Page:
I read your old review on discogs and i wonder you see at the same way today? It is right many Neogoa has unmemorable melodies, cliche-sounds and so on. But here I hear one memorable melody after another. Some tracks have not only one hook. Here are not only floating melodies or arpeggiator after arpeggiator. The whole album is memorable. That is the reason why this is a real classic for me and one of the best albums in history of Goatrance. :-)

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  • 2 years later...

I really like this album, it’s a solid introduction to the first Neo Goa wave. The album takes on where their debut album ended. Which interestingly enough was one of few Goa albums released back in 2001. So one could argue that Ra - To Sirius was indeed an antecedent to Neo Goa wave which would emerge in the mid 2000’s, along with Dimension 5 - Second Phase, Miranda - Asynja, and MFG-The Message.

Which were really the truly last proper Goa albums from the veterans of the first 90's Goa wave. When I contrast this album with the To Sirius album. I actually think the 9th album has more good tracks overall, but the one killer track on the To Sirius album, the track R.O.M, is a heavy hitting Goa juggernaut. Which on it’s own is a stronger, more memorable track when compared to the better tracks on 9th. 

This album is certainly very euphoric and trancey. With lot’s of hypnotic repeating hooks and a lush atmosphere throughout. Which is sure to keep the listener engaged during the duration of the album. The track order is well thought out with immaculate pacing. Which makes for a pleasant listening experience. From the intro to the slower paced outro ambient number. Which is a good formula, a pyramidal concept of sorts. With ascendance in the middle somewhere.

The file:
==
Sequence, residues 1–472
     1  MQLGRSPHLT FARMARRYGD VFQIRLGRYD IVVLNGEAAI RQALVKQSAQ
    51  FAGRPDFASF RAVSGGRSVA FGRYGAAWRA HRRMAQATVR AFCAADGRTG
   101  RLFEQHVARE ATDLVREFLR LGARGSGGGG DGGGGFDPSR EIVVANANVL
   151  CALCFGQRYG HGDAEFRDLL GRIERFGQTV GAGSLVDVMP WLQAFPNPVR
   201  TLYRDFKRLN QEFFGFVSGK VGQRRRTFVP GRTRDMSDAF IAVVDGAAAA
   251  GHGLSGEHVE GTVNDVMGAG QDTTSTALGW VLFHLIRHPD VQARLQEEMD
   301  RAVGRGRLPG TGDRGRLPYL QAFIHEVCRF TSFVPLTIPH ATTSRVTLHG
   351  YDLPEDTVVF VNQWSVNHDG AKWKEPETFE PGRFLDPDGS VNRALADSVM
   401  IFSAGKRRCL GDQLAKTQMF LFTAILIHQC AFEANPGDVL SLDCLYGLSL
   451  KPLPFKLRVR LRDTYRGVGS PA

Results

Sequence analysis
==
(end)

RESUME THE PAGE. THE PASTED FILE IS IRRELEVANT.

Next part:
Another strong suite of this album for me is how the tracks have just enough layers, so that all sounds and details can be easily appreciated. It's not too scaled back, but never overloaded either. I think it's a bit of a nordic trait actually. As I tend to find this same quality in a lot of nordic craftmanship, be it visual design or audio. Miranda's albums also share this particular trait. And by all accounts the music of Elysium/Sheyba did as well. The Overloards to some extent did too, there is of course always examples of the contrary. And there are some really maxed out forest music and what not created in Scandinavia. But for Goa I have to say most of it that I can think of shared some of these qualities.

I also like how the sounds used on this album are kinda on the soft side of things, it's a bit reminiscent of the lush sounds I associate with the 80's synth and pop music. There's not much screaming or too distorted sounds. I think airy would be an apt description of how this music sounds. Lightweight layers of brightly shining crystallic soundscapes, which stylewise to me places it firmly in the realm of pure morning Goa.